On 28 May 2018, we celebrated the International Menstrual Hygiene Day in Musarara Secondary School, Chiweshe rural community (Mashonaland Central Province). It was a remarkable day where we joined the awareness day to highlight the importance of good menstrual hygiene management.
The 28th was selected to acknowledge that 28 days is the average length of the menstrual cycle. The education by parents concerning reproductive health, sexuality and all related issues is considered almost everywhere as a “no-go” area. It appears that in much of Sub-Saharan Africa and mostly Zimbabwe, girls’ level of knowledge and understanding of puberty, menstruation and reproductive health are very low.
The taboo of menstruation helps to inflict indignity upon women and girls, but it also does worse: the grave lack of facilities and appropriate sanitary products can push menstruating girls out of school, temporarily and sometimes permanently. Stigma around menstruation and menstrual hygiene is a violation of several human rights, most importantly of the right to human dignity, the right to non-discrimination, equality, bodily integrity, health, privacy and the right to freedom from inhumane and degrading treatment from abuse and violence. As Talia, our mandate for the day was to educate women and girls on safe use of sanitary wear and personal hygiene.
There was an open platform, for discussion on menstrual hygiene management, dispelling myths and promoting safe hygienic practices. Dialoguing was part of the training session and all ages were represented from primary level to full grown women. We also taught that menstruation is a natural process and women should be open to discuss more about it to our young girls and fellow women, and make men understand the need for women to receive proper care when it comes to accessibility for sanitary facilities at home, work and in schools.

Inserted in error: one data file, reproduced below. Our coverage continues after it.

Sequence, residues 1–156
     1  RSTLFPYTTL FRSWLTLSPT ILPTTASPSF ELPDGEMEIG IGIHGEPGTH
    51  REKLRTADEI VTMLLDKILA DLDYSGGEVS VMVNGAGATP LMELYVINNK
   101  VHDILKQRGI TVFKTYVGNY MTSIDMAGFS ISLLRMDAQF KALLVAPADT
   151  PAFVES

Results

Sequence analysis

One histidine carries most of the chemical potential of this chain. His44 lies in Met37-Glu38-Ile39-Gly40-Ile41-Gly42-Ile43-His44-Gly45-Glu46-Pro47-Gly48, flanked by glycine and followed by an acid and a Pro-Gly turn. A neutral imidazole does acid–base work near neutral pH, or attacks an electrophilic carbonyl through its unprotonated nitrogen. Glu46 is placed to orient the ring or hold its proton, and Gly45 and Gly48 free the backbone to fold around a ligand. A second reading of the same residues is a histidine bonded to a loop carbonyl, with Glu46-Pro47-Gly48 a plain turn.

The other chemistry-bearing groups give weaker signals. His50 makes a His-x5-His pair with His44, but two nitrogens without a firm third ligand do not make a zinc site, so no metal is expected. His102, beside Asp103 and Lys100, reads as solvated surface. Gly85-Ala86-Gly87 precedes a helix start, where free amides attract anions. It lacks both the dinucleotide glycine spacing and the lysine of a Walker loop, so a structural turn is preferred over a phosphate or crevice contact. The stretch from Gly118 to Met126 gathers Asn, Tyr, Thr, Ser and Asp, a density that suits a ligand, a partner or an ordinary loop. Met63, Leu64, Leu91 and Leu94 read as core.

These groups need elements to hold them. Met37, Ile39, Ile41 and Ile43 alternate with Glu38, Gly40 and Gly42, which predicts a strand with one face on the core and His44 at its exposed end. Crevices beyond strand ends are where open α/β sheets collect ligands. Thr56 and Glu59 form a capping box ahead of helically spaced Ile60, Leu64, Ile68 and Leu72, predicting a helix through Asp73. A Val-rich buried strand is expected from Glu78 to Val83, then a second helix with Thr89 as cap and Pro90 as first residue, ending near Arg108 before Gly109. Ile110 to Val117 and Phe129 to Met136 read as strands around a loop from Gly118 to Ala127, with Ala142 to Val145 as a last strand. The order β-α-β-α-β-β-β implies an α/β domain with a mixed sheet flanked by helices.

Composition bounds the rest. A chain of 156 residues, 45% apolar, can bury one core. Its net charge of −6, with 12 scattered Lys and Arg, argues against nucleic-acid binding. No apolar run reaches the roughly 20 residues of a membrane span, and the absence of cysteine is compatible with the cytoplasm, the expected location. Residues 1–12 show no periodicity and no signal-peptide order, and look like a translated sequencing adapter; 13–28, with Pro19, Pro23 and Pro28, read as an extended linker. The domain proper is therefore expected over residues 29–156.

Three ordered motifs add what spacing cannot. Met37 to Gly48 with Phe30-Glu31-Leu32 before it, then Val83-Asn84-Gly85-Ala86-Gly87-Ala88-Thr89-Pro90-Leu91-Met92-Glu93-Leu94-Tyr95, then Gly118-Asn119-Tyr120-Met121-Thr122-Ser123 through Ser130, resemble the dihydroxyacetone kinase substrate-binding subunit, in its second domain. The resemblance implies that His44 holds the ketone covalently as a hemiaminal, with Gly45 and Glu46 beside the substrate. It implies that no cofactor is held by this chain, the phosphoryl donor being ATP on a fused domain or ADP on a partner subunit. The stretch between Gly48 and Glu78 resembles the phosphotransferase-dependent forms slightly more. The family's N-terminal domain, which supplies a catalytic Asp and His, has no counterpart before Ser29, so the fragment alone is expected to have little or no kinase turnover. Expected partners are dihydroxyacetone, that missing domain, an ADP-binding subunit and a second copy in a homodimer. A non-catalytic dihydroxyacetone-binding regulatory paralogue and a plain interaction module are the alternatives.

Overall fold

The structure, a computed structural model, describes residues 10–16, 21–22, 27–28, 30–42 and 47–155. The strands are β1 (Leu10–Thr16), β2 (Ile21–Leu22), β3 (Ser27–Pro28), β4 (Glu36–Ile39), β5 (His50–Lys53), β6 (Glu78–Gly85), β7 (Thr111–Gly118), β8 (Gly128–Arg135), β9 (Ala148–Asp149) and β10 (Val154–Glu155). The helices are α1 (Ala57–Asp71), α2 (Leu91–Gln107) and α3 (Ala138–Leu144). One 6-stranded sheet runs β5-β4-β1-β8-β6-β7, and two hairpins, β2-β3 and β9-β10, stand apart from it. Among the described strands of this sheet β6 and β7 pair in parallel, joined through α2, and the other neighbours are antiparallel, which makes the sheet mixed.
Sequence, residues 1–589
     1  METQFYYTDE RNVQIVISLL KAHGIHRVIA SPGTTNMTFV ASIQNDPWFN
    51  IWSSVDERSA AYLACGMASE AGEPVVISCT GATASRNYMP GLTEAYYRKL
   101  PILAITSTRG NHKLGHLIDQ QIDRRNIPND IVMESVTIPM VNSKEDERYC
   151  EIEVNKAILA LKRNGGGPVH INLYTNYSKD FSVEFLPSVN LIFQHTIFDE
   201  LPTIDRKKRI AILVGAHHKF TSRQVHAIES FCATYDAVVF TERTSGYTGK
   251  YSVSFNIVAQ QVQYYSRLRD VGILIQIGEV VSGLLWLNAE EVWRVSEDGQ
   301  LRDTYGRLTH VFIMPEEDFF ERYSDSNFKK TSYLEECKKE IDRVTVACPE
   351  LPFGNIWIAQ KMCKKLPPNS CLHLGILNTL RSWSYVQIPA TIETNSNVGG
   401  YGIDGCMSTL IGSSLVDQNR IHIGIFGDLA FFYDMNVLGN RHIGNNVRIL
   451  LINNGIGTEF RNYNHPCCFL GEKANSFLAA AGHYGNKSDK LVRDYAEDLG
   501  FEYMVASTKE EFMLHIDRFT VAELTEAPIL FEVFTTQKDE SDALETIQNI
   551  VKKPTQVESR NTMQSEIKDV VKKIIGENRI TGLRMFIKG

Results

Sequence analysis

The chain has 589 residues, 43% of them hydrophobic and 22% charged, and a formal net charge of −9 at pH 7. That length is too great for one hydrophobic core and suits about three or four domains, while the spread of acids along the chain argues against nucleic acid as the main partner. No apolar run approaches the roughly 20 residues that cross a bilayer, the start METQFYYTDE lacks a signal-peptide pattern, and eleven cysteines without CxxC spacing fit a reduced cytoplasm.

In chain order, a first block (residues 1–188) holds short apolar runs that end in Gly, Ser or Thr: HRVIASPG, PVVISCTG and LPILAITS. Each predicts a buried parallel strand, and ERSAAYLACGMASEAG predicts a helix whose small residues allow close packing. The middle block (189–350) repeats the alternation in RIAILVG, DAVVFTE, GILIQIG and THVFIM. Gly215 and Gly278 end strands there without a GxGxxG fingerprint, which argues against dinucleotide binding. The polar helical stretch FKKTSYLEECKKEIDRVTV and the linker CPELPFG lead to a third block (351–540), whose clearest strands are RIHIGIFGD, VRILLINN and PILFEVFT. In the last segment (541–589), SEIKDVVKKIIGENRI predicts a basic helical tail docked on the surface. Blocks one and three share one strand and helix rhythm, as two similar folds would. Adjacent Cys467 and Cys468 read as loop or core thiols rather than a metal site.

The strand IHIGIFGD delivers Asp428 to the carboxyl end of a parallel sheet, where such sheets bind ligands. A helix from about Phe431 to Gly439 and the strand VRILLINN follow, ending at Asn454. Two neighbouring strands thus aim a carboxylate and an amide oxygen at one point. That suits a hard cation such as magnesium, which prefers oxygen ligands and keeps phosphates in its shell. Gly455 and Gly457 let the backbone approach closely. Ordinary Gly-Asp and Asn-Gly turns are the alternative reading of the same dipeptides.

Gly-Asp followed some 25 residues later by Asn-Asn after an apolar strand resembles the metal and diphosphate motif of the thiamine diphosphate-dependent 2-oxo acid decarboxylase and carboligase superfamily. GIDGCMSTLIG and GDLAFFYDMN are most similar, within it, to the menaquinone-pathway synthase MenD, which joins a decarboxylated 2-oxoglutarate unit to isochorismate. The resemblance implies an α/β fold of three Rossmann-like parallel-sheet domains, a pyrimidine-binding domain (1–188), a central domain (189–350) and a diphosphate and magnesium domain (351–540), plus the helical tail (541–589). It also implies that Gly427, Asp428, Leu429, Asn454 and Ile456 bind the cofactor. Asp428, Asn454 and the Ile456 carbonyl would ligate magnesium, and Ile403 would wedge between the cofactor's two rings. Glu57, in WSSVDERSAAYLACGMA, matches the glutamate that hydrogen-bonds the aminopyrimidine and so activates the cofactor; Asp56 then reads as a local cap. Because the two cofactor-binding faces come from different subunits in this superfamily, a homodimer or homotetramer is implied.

Poor protection and inadequate washing facilities may increase susceptibility to infection, with the odour of menstrual blood putting girls at risk of being stigmatised. Emphasis was made particularly on issues of keeping clean and bathing regularly to keep ourselves clean always. At the end of the session, we distributed our Talia reusable pads, named Chayil Reusable Cloth pads, which are economic, hygienic, environmentally friendly, easy to use and to dispose.
A lecture on directions for using the pads was done by the Director Mrs Saliwe Mutetwa-Zakariya as she was wrapping up her training session for the day. Young girls and women were overwhelmingly happy to be part of the first team to receive these pads in Mashonaland Central. The need is real and requires everyone’s input in managing the struggle to accessing sanitary wear for girls and women. Period poverty is universal…Let’s join together and work towards their being. #NoMoreLimits for women and girls!